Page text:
I always want Easter week to be different than it is. There is so much to love about the tradition of Christ and Easter, except for the core theological story claimed by the church, which I reject.
That story goes that 1) God made a beautiful world without death 2) we disobeyed His command not to eat from the tree of knowledge 3) in His anger and disappointment He re-engineered creation to include death and suffering 4) He kicked us out into that world to make our own way 5) after awhile He was overcome with regret or forgiveness and 6) He sent His Son/Himself to be sacrificed, which cleansed humanity of its sin and guilt, as long as they believed the story.
It’s often said that every religion is a culture’s answer to the question “Why do we suffer and die?” The Garden of Eden story is a workable answer to that question, and the Christ-as-sacrifice addendum is a workable evolution of the story. Well, workable up until now when we need to stop hoping and praying to get off the planet, and we need to start saving the web of life.
Yes, it is an important question: why do we suffer and die? But there is another question that is actually more important to me: why is there beauty and pleasure? And why are they so deep and profound? If our disobedience caused God such anguish that He re-engineered all of His creation in order to punish us, why would He then insert so much beauty and pleasure into that secondary creation? Do we fill our penitentiaries with ballet and opera, with chocolate éclairs, with forests of chirping birds, with art and love and pleasure?
There are only a few answers to this question: why is there pleasure and beauty in such abundance?
- One is that God made earth a place of punishment but then sort of changed his mind and made it so it wasn’t THAT bad, because He loved us, or for some other reason. But that does not really account for the intensity and ubiquity of pleasure and beauty.
- Another is God is really cynical and so taunts us with pleasure and beauty to make suffering seem even worse by comparison.
- Another is that God places beauty and pleasure on earth as a test of our faith—to see if we will fall into the trap of wanting to stay here more than we want to go to heaven.
- Another is that all pleasure and beauty come from the devil. Plenty of people believe this. God allows the devil to tempt us, which either makes Him super mysteriously wise and all-powerful, or extra-cynical.
- Another is that the pleasure, beauty, suffering and death are all part of the same illusion. This answer is found most famously in Buddhism and in Hinduism, but also in all mystical (i.e. escape-the-earth-and-body) theologies.
Well, these answers work for a lot of people, but they don’t work for me. The answer for me is that the story of Sin-Redemption-Salvation is wrong. Or to put it a better way, it was a workable story for a long time – for the centuries that we thought the sun revolved around the earth and that when it rained it was because God opens windows in the dome of heaven to let a little of the watery chaos fall into his bubble of creation. Almost no one believes any of that now, and it’s time we move off the Sin-Redemption-Salvation story.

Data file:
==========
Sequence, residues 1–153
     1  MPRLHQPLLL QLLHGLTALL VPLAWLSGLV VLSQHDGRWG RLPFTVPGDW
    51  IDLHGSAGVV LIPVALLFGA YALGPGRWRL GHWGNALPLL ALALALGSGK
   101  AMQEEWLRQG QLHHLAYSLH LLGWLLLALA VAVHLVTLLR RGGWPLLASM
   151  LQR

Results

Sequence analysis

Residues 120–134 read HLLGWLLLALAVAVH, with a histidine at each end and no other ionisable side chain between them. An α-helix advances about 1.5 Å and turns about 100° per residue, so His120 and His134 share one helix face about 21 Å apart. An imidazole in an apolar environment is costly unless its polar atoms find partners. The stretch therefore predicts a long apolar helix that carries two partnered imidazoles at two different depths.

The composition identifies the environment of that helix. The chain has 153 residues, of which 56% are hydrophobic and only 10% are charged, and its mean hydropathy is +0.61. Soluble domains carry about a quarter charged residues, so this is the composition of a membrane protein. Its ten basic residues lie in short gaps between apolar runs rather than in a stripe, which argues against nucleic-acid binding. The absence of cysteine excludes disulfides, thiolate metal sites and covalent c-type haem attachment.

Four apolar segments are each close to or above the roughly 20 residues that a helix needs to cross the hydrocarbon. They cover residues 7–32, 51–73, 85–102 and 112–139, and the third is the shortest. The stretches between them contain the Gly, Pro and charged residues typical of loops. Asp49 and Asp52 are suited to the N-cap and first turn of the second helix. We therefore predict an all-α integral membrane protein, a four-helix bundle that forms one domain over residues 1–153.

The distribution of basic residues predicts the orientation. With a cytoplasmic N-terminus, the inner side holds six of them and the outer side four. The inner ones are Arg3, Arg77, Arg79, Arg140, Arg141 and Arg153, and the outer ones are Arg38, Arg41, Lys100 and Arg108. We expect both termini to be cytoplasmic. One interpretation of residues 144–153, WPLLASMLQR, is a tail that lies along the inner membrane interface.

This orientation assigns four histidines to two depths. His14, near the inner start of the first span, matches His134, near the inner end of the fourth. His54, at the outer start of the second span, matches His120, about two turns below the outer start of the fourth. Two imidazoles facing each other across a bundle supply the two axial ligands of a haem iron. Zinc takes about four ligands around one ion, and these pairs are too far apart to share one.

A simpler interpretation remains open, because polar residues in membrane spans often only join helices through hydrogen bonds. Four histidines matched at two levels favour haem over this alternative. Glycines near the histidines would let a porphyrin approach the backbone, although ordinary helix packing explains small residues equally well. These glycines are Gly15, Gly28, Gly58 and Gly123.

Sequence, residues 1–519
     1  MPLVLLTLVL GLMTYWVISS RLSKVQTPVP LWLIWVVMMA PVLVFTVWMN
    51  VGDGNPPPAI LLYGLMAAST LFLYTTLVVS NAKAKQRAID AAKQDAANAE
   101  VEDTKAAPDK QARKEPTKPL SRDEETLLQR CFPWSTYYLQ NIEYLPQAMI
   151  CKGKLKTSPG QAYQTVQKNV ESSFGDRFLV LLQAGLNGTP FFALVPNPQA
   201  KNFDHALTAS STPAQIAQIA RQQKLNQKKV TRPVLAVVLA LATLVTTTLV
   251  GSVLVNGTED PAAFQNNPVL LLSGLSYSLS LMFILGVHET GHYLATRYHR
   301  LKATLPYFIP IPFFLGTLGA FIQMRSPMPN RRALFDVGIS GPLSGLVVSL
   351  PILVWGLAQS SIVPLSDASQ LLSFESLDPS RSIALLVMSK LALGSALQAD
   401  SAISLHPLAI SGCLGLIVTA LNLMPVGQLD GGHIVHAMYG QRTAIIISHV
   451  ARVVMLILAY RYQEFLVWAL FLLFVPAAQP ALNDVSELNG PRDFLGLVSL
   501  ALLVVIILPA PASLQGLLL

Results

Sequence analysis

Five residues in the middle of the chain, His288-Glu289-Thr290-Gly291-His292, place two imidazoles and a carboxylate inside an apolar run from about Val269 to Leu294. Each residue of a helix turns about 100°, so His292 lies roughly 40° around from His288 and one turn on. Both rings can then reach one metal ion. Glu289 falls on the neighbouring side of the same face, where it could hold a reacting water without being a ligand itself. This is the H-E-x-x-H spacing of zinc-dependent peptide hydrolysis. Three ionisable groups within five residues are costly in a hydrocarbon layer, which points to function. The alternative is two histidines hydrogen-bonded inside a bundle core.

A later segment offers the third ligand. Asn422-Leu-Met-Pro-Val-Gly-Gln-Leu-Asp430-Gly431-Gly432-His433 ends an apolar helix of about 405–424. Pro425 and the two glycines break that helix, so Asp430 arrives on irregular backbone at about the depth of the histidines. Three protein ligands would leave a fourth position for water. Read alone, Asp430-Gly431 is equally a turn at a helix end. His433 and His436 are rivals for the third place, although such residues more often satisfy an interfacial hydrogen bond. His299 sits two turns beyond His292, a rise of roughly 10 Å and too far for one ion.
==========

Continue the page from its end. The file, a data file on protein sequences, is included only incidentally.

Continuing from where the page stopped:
For me, the move needs to be away from redemption and toward forgiveness. You need redemption for being born broken. We are not born broken. That story is wrong, twisted and anti-Holy. Its no wonder some of the earliest heretics killed by the church died for saying that the punishing God portrayed by the church fathers was, in fact, the devil. We do not need redemption for being born into a naturally sinful body, but we need forgiveness often for the choices we make.
From Good Friday to Easter morning I choose to focus on Christ’s words from the cross: “Forgive them, they do not know what they are doing.” This is the core of the Christian tradition for me, because again and again and again we become afraid when the Holy appears before us saying, “Love your neighbor as much as yourself, love the creator of this unfathomable beauty around you as much as you love yourself.” We are always afraid that if we truly live that humble love for this world, we will lose power, prestige and possessions. We chose ourselves again and again over our neighbor and over the beauty of the world, and for that we are engaged in a constant dance of forgiveness with the Sacred. The story of the cross and the Resurrection did not happen once 2,000 years ago to someone else - it happens inside me again and again each day as I make my choices.
I leave you with a poem from Rainer Maria Rilke:
Through the empty branches the sky remains.
It is what you have.
Be earth now, and evensong.
Be the ground lying under that sky.
Be modest now, like a thing
ripened until it is real,
so that what began it all
can feel you when it reaches for you.
(I changed the words from “so that ‘he’ who began it all…”)